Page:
Issey Miyake: Making Things

Issey Miyake: Making Things

During the winter of 1998, the Cartier Foundation for Contemporary Art hosted an exhibition that summarized Issey Miyake’s work over the 10 years prior. Though the exhibition only ran for five months, the Cartier Foundation memorialized it in an all-embracing book that allows its readers to navigate Miyake’s mind in its rawest form.
Issey Miyake’s work has always posed fundamental questions about the nature of clothing, questions of life, and movement, questions which are only answered by personally exploring Miyake’s work. The book explores a unique way of looking at clothing, in which design, beauty, and everyday life come together.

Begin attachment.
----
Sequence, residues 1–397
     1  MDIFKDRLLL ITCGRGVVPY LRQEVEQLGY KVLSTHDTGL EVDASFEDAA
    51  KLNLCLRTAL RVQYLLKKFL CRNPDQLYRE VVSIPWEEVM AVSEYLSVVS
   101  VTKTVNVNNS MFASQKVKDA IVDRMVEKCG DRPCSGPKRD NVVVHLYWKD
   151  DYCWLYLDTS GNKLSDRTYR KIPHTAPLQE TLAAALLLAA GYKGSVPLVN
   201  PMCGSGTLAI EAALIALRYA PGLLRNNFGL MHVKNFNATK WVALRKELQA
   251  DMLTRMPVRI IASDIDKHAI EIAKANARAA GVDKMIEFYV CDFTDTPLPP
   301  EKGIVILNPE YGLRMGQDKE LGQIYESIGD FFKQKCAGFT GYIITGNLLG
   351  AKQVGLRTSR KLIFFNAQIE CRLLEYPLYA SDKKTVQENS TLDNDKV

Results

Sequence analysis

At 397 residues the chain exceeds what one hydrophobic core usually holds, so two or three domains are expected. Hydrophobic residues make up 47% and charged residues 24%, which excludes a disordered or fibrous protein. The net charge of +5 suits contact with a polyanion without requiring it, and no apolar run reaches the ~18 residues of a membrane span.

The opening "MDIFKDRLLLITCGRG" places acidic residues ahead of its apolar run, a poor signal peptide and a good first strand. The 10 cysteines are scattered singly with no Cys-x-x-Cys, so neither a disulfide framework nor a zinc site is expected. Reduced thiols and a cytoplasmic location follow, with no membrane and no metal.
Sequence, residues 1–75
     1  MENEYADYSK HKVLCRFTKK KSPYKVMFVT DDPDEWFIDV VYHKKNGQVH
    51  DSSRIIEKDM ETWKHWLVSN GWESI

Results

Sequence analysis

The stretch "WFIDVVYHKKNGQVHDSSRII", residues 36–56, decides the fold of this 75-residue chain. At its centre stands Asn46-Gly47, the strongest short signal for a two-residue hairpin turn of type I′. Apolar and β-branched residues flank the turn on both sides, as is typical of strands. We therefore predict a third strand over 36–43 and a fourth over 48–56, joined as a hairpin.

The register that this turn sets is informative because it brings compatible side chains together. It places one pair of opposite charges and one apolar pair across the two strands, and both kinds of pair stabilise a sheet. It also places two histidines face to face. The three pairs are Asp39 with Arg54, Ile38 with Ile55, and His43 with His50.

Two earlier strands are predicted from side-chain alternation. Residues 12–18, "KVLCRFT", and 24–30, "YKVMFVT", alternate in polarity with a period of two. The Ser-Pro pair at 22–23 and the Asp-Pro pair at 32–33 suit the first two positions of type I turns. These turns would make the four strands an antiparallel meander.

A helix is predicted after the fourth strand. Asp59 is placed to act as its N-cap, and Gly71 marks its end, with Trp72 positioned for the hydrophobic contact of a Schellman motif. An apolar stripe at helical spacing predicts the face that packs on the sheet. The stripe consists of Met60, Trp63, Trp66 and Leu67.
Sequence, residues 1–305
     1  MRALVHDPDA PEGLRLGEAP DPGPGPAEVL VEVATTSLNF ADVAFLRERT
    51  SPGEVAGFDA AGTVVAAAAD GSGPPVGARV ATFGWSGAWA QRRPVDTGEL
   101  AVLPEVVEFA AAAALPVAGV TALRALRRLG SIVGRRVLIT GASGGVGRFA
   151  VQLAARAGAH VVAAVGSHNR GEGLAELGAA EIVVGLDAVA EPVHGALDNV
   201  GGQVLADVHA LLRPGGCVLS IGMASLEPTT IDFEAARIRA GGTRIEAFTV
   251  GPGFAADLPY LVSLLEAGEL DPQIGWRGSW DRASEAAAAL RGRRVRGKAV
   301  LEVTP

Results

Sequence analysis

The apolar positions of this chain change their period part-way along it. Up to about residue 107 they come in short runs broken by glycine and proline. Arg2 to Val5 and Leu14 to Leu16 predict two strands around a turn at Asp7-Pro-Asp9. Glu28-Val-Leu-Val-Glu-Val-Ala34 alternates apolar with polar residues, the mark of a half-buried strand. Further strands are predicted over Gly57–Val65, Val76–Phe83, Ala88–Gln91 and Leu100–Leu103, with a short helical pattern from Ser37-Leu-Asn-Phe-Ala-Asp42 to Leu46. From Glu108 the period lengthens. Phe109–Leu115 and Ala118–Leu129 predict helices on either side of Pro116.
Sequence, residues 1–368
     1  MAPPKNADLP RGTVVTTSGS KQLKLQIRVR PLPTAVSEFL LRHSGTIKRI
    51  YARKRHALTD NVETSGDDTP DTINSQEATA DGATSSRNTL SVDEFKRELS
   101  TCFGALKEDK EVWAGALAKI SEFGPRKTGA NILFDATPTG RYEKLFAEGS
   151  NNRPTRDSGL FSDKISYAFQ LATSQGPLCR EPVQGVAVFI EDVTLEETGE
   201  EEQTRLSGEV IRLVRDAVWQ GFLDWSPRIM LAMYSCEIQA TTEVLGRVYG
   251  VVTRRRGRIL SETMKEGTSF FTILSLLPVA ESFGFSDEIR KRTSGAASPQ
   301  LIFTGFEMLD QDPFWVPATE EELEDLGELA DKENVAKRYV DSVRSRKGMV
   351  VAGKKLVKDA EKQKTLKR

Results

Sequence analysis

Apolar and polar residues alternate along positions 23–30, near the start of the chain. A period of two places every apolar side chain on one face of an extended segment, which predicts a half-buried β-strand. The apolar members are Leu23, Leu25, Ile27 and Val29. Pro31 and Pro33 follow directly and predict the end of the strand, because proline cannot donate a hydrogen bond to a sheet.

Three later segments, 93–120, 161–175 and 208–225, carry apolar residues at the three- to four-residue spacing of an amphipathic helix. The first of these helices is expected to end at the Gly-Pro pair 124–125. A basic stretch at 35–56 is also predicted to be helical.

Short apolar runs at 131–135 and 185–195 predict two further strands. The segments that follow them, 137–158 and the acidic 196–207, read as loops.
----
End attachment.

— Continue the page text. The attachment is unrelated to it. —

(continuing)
Miyake firmly believes that beauty is indissociable from form and function. His one aim was to create clothes that anyone can wear, clothes that are beyond the reach of time. The book captures these moments and highlights some of Issey Miyake’s greatest feats such as his collaborations with Irving Penn, William Forsythe, and the Frankfurt ballet, the manufacturing process behind Pleats Please, and a deep dive behind A Piece of Cloth.
It is a bit bitter-sweet that Issey Miyake’s Making things was published the same year he decided to step down from his eponymous label. Though no longer running his namesake brand, there is no denying the impact Issey Miyake has had on defining function and design.
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